Tom Crichton

Tom Crichton

1941: The Last Year of ‘Our’ East Asia

Tom Crichton was born in San Francisco in 1918. He went to sea at age 15 as a deck-boy for American ships. Later he studied journalism at the Univ. of Missouri and has divided his time between the sea and writing.

At the time of the Pearl Harbor attack he was a news correspondent in Tokyo. He was interned for a year by the Japanese before repatriation.

After the war he fell in love with Spain, where he tried his hand at everything from running a floating night-club to fighting bulls. He put down his gangplank for all sorts of people who wanted to sail, and his uncomplaining boat, the Jack London, carried a wonderful array of bizarre characters-smugglers and nudists, a crooked German professor, and movie stars.

While this book was being readied for publication, Tom was mysteriously killed in Chiangmai, Thailand where he lived.

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3 Responses to Tom Crichton

  1. Willem Schroder says:

    Dear Friends of Tom Crichton,
    I met Tom at his age of 77 in Puerto Rico where he was living after he was kicked out of Cuba . I was looking for a chef cook position on the Island . As a dutch citizen without a proper greencard he helped me out and invited me to stay at his penthouse apartment. After 6 month he left for Cuba and later on to a veteran home in California. After that we lost contact.

    What remains is a tresure of memories about Tom .

    Who wants to chare information about Tom ,his death, when ? more books or stories.

    • admin says:

      Willem — thanks for your comments on Tom. He lived such an interesting life.

      The GOOD NEWS— we will be publishing MORE of TOM CRICHTON.
      — First, we are republishing his book Our Man in Majorca for Kindle Edition in 2014.
      — Second, we have SEVERAL unpublished works, including his late-in-life manuscripts for his “Dirty Old Man” series. Tom loved to chase skirts and his interests in this never waned. These works are in manuscript form and will need some time for editing into book form. Not likely in 2014.

  2. john Newman says:

    In 1959/60 together with four friends we booked a ‘lads’ holiday to Majorca with Horizon Holidays. Tom Crichton was the company representative – he hailed from San Francisco. I think, though never asked whether there was Irish blood in his veins – he was full of the old blarney – or should I say charisma, loved a drink and the ladies, and they loved him.

    The yacht Jack London was Toms pride and joy, he informed us that he was in future making the vessel available for charter. We of course jumped at the chance to spend our summer holiday cruising around the Balearics.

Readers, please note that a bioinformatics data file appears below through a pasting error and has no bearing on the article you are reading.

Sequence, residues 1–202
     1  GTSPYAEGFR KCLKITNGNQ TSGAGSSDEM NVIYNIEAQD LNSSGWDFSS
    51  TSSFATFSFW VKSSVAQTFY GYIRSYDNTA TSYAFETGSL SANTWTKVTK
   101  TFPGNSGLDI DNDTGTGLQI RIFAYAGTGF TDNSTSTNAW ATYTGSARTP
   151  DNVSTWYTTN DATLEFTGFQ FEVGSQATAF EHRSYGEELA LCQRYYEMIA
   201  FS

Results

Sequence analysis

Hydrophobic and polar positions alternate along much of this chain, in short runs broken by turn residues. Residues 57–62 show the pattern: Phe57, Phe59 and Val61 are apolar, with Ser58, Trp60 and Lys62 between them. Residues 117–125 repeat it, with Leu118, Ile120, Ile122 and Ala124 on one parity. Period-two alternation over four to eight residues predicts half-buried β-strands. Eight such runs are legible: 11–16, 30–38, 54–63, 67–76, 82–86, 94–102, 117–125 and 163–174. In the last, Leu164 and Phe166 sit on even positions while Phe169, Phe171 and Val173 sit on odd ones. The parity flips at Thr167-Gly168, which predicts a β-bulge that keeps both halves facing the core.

The following year we travelled to Majorca and joined Tom and his vessel Jack London in Palma harbour. The mooring was next to a sleek black schooner named Zacca. It was owned by Errol Flynn who passed away a few years earlier. Over the following days Tom recounted many of the antics they got up to. Errol Flynn’s history was legend, and we dubbed Tom the poor man’s version, although by the end of our holiday it might have been more correct to refer to Errol as the rich man’s Tom Crichton!

    Tom loved a party and it was almost a rite of passage that when anchoring off a beach we enticed some female company for the mandatory night time shindig –this was hardly a chore as an invitation to a party on board a yacht in the Mediterranean was not a hard sell.

    The hospitality nearly backfired. The following day we had a pleasant cruise to the Spanish mainland, and we anchored off a beach relaxing with a beer or whatever. Four nurses from Wolverhampton had joined the boat in Palma.

    The evening party was well under way when one of the nurses said she was going to the beach, stripped off, dived over to be followed by her friends and others. Tom was not happy with this nudity –surely not you Tom – he actually had a valid reason to worry. General Franco was still acting as a dictator, and nudity was seriously banned on beaches.

    It was a clear moonlit night with nobody else in sight. As the bodies reached the sand the sound of barking dogs was heard. From the elevation of the yacht two members of the strict Guardia Civil wearing their strange hats could be sighted moving along the beach. They were some way off but their dogs had picked up on the noise made by the swimmers. Tom was angry and shouting at the top of his voice for them to get back. The sight of white backsides ploughing through the water towards the yacht would surely have made the officers smirk, rather than using them as target practice!

    Tom was furious, and by the time all had scrambled aboard we had upped anchor and, under full throttle, headed for the open sea. The reason for the out of character outburst over naked bodies was the fear that if they found out the name of the yacht it might be impounded for what had taken place.